In virtuoso, there is select layer over active layer to identify the tpye of the active layer, along with related design rules (like select layers can not overlap).
My question is when we use n-well or p-well process, we need to moderate dope our substrate to create wells first, but why there is not a select layer to identify what kind of wells we want and not related design rules?
Your question isn't that clear, since I don't understand what you mean by "a select layer". The one thing I will say (and maybe this will answer your question) is that if you're in an "n-well" process, then you have a p-substrate and hence you don't (normally) need p-wells (exception is if you have some kind of twin-well or triple-well process).
But I'm only guessing what you really mean - so maybe you can clarify your question?
Hi Andrew, this is a simple nMOS (in the left) with a ptub next to it. We can see that n-active area is surrounded by a green rectangle which is n-select layer, and p-active is surrounded by an orange rectangle which is p-select layer. That's what I mean.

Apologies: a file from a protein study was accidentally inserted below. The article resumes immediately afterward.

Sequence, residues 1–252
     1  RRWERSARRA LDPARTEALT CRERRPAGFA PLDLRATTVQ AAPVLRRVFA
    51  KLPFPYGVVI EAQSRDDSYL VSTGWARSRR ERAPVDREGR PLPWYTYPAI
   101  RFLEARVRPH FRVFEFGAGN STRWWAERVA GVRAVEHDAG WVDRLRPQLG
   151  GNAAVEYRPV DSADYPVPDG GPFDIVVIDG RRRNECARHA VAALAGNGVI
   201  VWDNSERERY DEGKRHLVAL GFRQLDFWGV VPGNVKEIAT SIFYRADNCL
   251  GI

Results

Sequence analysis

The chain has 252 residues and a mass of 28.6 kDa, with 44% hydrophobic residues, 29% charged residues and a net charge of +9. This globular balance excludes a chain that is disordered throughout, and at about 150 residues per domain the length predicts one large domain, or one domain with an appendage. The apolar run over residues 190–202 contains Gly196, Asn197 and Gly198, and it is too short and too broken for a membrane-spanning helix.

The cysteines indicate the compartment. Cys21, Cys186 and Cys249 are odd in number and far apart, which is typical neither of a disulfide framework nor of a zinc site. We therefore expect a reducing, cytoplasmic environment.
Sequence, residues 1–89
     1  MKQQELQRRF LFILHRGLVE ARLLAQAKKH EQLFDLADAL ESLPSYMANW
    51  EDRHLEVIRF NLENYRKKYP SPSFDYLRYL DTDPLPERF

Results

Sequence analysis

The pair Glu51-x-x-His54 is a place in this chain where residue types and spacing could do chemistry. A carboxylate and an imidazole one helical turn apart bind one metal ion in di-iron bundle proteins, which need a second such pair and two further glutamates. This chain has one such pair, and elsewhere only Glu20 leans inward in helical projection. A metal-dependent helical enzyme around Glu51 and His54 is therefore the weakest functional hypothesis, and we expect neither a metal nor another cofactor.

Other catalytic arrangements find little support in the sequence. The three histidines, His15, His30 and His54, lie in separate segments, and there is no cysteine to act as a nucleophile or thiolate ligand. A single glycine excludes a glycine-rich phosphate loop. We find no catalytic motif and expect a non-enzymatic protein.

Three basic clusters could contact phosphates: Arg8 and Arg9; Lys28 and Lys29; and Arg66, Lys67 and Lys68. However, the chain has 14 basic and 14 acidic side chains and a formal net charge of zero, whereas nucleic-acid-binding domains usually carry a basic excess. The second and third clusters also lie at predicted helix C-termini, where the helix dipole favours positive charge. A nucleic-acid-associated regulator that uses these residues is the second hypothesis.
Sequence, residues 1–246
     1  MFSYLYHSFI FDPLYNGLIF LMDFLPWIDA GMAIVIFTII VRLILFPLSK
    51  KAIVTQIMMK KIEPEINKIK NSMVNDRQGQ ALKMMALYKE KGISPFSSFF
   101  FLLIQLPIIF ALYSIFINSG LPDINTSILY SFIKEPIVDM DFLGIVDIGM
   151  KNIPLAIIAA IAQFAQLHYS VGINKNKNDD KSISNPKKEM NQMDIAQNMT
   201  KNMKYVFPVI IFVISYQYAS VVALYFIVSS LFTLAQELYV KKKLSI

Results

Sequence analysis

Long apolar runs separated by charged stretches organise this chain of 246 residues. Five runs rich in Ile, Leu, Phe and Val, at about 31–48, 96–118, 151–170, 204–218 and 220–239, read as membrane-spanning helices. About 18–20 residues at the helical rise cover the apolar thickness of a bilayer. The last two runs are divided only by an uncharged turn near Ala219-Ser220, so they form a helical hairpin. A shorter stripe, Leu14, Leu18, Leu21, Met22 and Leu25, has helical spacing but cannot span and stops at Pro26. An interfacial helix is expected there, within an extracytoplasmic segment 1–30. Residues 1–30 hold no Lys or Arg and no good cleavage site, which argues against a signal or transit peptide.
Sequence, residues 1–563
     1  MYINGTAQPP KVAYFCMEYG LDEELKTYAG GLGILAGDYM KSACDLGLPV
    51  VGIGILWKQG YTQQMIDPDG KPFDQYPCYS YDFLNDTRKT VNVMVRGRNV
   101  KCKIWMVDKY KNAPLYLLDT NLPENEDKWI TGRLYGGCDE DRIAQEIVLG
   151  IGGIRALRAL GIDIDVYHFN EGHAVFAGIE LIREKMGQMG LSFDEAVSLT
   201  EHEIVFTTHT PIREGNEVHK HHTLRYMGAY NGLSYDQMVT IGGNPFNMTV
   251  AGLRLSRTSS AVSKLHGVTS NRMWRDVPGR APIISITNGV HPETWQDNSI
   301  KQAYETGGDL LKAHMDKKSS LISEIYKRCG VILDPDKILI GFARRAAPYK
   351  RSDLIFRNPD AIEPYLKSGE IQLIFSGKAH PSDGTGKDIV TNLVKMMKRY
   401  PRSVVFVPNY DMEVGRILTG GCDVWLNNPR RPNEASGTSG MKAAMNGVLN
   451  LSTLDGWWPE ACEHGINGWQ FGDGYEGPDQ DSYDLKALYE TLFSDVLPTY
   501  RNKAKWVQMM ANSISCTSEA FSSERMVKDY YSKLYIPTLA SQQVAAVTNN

OK, so you're talking about "p implant" or "n implant" (sometimes called pplus or nplus). Fair enough - you have a layer to define the implant that's used on the diffusion opening (or active area).
You typically have a layer to define nwell (or pwell, depending on the type of substrate). I don't see why you'd need two layers to describe that? So I still don't really understand your question. If your transistor is used on a p-substrate, there's no need to draw a well around an nmos transistor (but there would be around a pmos transistor).
Note that this is nothing to do with Virtuoso at all - it's to do with how the technology has been set up and what mask layers you actually need for manufacture.
Actually the well layer is sufficiently larger to accomadate all implants.. and these wells(if twintub) are seperated enough by FOX layer and of course these wells must be seperated to avoid undesirable current injection.. These wells ofcourse fabricated on any substrate (n or p).
Precisely, they dont overlap..